Volvo estate to become flagship display at the Natural History Museum
Now extinct in the UK, ancient and beloved beast to feature as permanent exhibit
Here's TopGear.com's roving correspondent, Cory Spondent, with his mostly incorrect exclusives from the world of motoring
The skeleton of an enormous Volvo estate is set to become the main attraction at London’s Natural History Museum, just days after the species went extinct in the UK.
The last of Volvo’s estate and saloon vehicles died out on these shores after the ecosystem that supported them collapsed, although they continue to roam the continent on mainland Europe.
Unearthed in a garage in Scunthorpe, the carcass of the Volvo 245 will be hung from the ceiling of the museum’s world-famous Hintze Hall before being moved into a permanent exhibit, where it will sit alongside a fossilised Ford Fiesta and a Volkswagen Beetle preserved in amber.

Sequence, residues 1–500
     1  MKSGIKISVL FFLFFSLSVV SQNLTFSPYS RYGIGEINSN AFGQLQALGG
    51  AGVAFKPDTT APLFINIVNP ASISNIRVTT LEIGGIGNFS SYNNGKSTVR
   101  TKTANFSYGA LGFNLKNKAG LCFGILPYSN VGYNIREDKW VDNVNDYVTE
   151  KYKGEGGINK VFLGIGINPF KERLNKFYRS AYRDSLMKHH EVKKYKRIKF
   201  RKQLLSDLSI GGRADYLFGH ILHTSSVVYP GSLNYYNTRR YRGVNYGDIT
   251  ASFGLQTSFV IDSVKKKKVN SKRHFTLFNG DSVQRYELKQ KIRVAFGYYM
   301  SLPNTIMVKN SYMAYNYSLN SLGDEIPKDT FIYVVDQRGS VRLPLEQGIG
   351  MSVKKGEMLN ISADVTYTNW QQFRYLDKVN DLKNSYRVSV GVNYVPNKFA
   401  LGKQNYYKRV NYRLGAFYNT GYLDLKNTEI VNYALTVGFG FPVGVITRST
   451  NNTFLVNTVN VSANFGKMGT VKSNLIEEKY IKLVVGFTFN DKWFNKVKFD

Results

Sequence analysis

The display will also serve as a warning to visitors about the ongoing threat posed by the predator that killed it: the terrifying Essyewveeitus Gargantuous, more commonly known as the 'SUV'.
“We’re delighted that this stunning example of a 245 is coming to the Natural History Museum,” said a spokesperson. “The moment we told David Attenborough about it, he immediately binned off a day doing voiceover for Blue Planet 3 so he could attend the grand opening in person.
“What’s exciting is that our younger visitors will be able to see what a practical car used to look like, and understand that our ancient roads used to be a diverse place; not the wasteland of pointlessly bulky, high-riding crossovers that dominate the landscape today.
“And they won’t believe how big the 245 is. It’s huge. The hall used to be home to an adult-sized Diplodocus, but getting that through the entrance was a piece of cake compared to this.”
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